Appellant contends that it is a denial of equal protection to require corroboration in cases of homosexual solicitation but not in cases of heterosexual solicitation. See, e.g., Wajer v. United States, 222 A.2d 68, 69 (D.C.1966). This contention is frivolous. Garrett v. United States, 339 A.2d 372, 373 (D.C.1975); Guarro v. United States, 99 U.S.App.D.C. 97, 237 F.2d 578 (1956); Kelly v. United States, 90 U.S.App. D.C. 125, 194 F.2d 150 (1952). His argument that the use of women decoys in prostitution cases is somehow inappropriate is also completely without merit. See United States v. Kenyon, 354 A.2d 861 (D.C.1976). The decision to adopt a particular *613 method of law enforcement is normally left to the police and will be upheld unless there has been some form of invidious discrimination, which appellant has not shown. Davis v. United States, 390 A.2d 976, 980 (D.C.1978); United States v. Cozart, 321 A.2d 342 (D.C.1974).
Finally, appellant argues that the police violated his due process rights by using excessive force to arrest him. Given the facts of the case, we reject this argument. Washington v. United States, 475 A.2d 1127 (D.C.1984); cf. Frisbie v. Collins, 342 U.S. 519, 72 S. Ct. 509, 96 L. Ed. 541 (1952); Ker v. Illinois, 119 U.S. 436, 7 S. Ct. 225, 30 L. Ed. 421 (1886). Appellant's reliance on Rochin v. California, 342 U.S. 165, 72 S. Ct. 205, 96 L. Ed. 183 (1952), is misplaced for the reasons stated in Washington, supra, 475 A.2d at 1130. United States v. Russell, 411 U.S. 423, 93 S. Ct. 1637, 36 L. Ed. 2d 366 (1973), on which appellant also relies, deals with the subject of entrapment. Appellant did not raise an entrapment defense, and thus Russell has no bearing on this case. Even if it did, it would not support appellant's argument.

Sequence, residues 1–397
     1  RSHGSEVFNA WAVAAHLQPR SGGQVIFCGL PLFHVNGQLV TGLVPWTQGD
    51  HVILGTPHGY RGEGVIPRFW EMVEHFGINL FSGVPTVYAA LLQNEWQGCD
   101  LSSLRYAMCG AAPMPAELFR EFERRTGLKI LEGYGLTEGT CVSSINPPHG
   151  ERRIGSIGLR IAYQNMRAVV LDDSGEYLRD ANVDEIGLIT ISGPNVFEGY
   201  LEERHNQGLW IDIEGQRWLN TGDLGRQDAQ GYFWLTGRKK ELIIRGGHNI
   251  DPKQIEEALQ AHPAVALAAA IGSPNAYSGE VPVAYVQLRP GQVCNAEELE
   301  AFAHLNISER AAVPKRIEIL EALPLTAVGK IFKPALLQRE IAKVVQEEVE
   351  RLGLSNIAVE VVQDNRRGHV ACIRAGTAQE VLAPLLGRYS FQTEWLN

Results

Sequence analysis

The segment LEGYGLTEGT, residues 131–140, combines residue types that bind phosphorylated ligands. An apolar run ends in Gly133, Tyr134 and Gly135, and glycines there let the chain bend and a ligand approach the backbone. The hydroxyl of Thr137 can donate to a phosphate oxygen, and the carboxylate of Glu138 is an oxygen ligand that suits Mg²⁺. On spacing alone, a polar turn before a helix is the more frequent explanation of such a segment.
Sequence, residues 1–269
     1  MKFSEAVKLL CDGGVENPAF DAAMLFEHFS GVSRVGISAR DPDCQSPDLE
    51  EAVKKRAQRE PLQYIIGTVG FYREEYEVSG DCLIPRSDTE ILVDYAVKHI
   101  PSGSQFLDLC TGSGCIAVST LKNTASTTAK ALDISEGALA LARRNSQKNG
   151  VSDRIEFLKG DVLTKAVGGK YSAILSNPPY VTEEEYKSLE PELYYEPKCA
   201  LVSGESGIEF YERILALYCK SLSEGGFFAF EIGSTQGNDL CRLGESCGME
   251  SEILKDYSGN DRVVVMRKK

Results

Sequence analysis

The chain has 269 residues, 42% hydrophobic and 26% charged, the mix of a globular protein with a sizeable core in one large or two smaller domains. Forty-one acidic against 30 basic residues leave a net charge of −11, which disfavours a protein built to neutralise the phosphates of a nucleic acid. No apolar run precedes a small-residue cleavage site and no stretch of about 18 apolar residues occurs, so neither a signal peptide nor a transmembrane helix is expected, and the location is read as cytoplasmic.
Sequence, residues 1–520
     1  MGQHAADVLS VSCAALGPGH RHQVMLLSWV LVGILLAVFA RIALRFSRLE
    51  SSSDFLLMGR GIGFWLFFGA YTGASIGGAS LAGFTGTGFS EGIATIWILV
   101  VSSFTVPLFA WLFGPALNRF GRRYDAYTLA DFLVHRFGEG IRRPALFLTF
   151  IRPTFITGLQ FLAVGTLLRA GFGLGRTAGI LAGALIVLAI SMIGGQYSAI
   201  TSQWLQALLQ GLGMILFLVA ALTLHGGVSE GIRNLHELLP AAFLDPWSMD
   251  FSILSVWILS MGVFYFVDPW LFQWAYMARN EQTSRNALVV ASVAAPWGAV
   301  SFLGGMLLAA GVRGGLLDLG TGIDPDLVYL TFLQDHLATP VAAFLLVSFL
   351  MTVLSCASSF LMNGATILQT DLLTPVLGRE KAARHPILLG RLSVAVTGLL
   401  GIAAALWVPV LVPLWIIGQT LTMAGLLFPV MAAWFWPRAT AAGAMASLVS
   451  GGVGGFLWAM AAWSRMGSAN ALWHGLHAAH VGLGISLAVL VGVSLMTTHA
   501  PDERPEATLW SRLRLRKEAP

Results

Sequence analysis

Section 22-2701 makes it a crime "to invite, entice, persuade, or to address for the purpose of inviting, enticing, or persuading, any person or persons sixteen years of age or over in the District of Columbia, for the purpose of prostitution, or any other immoral or lewd purpose...." This portion of the statute was originally enacted in 1935 and has not been changed since then. The next sentence, which was added in 1981, states that inviting, enticing, or persuading "includes, but is not limited to," certain specified types of activity in a public place. D.C.Code § 22-2701.1 (1984 Supp.), which was also enacted in 1981, defines prostitution as "the engaging, agreeing to engage, or offering to engage in sexual acts or contacts with another person in return for a fee."
 Appellant, a native of Egypt, testified that he had been in the United States for five years.
 Officer Williams corroborated Giles' testimony to some extent. He testified that he saw appellant approach Officer Giles and engage her in conversation, but he was too far away to hear what was said.
 Under M.A.P. v. Ryan, 285 A.2d 310 (D.C. 1971), a decision which is binding precedent, as Dinkins is, can be overruled only by the court en banc, not by a division.
 Appellant bases his argument on our observation in United States v. Wilson, 342 A.2d 27 (D.C.1975), that the use of undercover police-women as decoys was "infeasible." He takes that single word out of context. What we said in Wilson was that "the uncontroverted testimony was that the use of women undercover officers to arrest male solicitors of prostitutes had proven infeasible...." Id. at 30 (emphasis in original). In this case there was no testimony at all regarding the feasibility of using female decoys. Moreover, we cannot assume (nor can appellant) that what may have been "infeasible" in 1974, when the offense in the Wilson case took place, was not entirely feasible nine years later, when appellant encountered Officer Giles at 1:00 a.m. on a street corner.